Since it sounds like you are at a computer at work you would need to ask your IT guy to allow this and to have any corporate scanning software allow new software so that you don't have to "perform tamburine dance" each time.

    admin1.png

    admin2.png
     
    Last edited: Jan 11, 2016
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  13. jno

    jno New Member

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    it's impossible here :)
    But it looks I have enough permissions to unlock and too few to modify!
    MacSysPrefUnlockedLocked.png
    Yepp, I'm from linux world and this is my very first mac in use :)
     
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  14. jno

    jno New Member

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    Here is that magic button that
    1. appears only after "start to fail" attempt
    2. can allow to run/install an app anyway
    3. does not unlock/modify permission settings

    AFT-refusal-allow-buttun.png

    PS. It handles not all the cases :(
    I still dunno why, but some apps cannot be forced to install/run this way.
    In my case it was a build of GIMP (another build was installed ok this way).
     
    Last edited: Jan 12, 2016
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  15. Dashmellow

    Dashmellow Well-Known Member

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    Yeah, that .jar file is a Java archive which probably serves some sort of cross platform function for GIMP.
    It's not technically an "app" but it can contain executable Java programs and libraries so probably that is why it gets triggered each time.
    More and more people are disabling Java on the Mac because it has become such a serious security issue but if you need it to run an important app you can't avoid it.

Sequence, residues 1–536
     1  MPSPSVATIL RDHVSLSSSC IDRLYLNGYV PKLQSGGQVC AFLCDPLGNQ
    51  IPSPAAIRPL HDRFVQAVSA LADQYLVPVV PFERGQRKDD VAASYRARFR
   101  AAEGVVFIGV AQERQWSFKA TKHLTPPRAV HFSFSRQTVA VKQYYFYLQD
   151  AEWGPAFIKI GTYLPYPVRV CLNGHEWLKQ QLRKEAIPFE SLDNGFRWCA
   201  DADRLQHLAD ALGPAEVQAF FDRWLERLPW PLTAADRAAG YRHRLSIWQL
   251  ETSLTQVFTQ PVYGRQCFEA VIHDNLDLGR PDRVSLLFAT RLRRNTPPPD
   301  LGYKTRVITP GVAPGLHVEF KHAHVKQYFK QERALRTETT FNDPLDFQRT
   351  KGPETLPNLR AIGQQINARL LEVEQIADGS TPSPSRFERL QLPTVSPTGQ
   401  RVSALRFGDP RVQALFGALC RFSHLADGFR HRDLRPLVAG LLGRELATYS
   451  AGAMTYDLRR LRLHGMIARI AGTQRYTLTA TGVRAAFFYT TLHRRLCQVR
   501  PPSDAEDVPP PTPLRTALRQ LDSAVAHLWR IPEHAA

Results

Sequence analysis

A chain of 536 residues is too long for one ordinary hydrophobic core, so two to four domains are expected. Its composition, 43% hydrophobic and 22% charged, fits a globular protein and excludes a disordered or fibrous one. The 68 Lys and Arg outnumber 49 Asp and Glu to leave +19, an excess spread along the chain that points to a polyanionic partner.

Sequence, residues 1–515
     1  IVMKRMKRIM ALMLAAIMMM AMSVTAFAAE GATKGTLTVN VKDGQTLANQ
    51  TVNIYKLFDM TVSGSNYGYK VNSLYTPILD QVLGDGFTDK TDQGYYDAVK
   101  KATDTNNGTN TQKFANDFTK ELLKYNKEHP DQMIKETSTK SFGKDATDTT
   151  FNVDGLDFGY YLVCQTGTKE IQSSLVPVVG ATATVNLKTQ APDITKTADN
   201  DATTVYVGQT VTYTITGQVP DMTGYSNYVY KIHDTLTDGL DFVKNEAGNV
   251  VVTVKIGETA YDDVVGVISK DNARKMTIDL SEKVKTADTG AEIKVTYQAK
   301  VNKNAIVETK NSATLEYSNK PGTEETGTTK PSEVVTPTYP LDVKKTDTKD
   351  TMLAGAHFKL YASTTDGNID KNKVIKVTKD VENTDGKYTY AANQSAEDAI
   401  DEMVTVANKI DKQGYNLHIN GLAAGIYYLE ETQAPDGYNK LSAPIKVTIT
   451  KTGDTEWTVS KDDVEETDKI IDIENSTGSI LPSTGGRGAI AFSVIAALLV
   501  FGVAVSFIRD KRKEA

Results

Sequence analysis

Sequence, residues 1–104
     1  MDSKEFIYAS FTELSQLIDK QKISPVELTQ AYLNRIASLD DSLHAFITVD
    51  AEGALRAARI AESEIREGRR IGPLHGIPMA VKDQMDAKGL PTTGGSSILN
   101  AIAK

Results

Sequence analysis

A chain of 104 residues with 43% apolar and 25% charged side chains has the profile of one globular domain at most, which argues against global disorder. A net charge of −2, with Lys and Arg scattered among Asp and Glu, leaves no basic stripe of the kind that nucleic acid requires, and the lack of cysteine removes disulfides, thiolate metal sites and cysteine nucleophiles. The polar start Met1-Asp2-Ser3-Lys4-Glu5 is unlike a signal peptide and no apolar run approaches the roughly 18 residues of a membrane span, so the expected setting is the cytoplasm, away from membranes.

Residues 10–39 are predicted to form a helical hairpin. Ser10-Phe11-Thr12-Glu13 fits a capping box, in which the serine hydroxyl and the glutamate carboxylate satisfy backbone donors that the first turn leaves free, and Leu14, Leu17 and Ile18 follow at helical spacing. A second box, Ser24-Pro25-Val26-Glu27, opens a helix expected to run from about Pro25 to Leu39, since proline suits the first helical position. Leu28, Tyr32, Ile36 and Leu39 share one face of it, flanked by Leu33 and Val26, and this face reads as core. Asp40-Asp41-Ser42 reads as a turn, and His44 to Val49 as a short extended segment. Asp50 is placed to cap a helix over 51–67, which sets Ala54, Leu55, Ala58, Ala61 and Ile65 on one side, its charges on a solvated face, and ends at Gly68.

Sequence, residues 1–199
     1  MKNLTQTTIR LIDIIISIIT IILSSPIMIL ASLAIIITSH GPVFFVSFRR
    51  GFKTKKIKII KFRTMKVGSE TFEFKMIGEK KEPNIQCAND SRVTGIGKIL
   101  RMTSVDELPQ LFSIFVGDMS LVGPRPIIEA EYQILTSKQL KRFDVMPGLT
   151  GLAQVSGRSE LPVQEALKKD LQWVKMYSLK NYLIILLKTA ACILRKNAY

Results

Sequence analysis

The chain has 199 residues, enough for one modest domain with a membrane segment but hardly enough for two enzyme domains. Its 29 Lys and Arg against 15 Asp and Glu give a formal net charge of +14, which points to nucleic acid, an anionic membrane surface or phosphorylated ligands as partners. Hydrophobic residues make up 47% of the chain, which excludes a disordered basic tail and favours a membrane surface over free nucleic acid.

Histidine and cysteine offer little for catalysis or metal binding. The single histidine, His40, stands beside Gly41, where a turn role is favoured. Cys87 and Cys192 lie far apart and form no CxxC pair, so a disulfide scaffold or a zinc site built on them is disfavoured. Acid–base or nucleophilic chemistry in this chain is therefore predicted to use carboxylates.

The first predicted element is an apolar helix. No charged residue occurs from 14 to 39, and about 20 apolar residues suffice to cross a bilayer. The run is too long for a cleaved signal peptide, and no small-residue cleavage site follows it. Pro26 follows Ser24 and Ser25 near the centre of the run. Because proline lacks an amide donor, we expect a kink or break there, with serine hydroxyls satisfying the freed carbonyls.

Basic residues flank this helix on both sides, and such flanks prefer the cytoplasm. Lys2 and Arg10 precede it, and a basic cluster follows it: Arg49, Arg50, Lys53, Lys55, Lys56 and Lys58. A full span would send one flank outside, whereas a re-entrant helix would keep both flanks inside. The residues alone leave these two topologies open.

Most people find that just disabling Java from running in their web browser is all they need to do.
    Nevertheless, even though it may be a pain in the ass, the fact that the MAC makes you approve the .jar file each time is an example of why OSX often appears to be more secure than other platforms. (for now) I think because of this issue some changes were made to the most recent "El Capitan" version of OSX regarding Java security.

    http://arstechnica.com/security/201...s-a-dangerous-turn-for-the-worse-experts-say/

    http://www.eweek.com/security/java-primary-cause-of-91-percent-of-attacks-cisco.html

    http://www.zdnet.com/article/homeland-security-warns-java-still-poses-risks-after-security-fix/
     
    Last edited: Jan 12, 2016
  16. jno

    jno New Member

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    nope :)
    It's a cross-platform dashcam firmware bundler found literraly here :)
    GIMP (in two flavours) was the case that (1) refused to install anyway and (2) could be made to work via this button (no picture).

    I use 10.10.5 ("Yosemite"), not 10.11 (due to some incompatibilities with corp software).

    But Java is an evil, you're right definitely!
     
    Last edited: Jan 12, 2016
  17. Dashmellow

    Dashmellow Well-Known Member

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    Ah, I see. I was just guessing when I said GIMP since it was what you mentioned.

    I think Yosemite has some Java security tweaks too. Actually, Apple did an emergency security update too that worked on some Java issues going back to Snow Leopard, I think.
     
  18. jno

    jno New Member

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    In my case, security is somehow controlled by common sense (and mandatory corp software, of course) by installing things from somehow known sources :)
     
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  19. Dashmellow

    Dashmellow Well-Known Member

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    I agree with you! Most security really does come down to common sense. The problem I see everywhere is that when it comes to computers most people have no common sense. Most people don't even seem to have a clue. I have a few friends who always call me for advice about their computers and then they ignore everything I tell them and call me again weeks later for help with some terrible malware issue.
     
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  20. jokiin

    jokiin Well-Known Member Manufacturer

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    I feel like we know the same people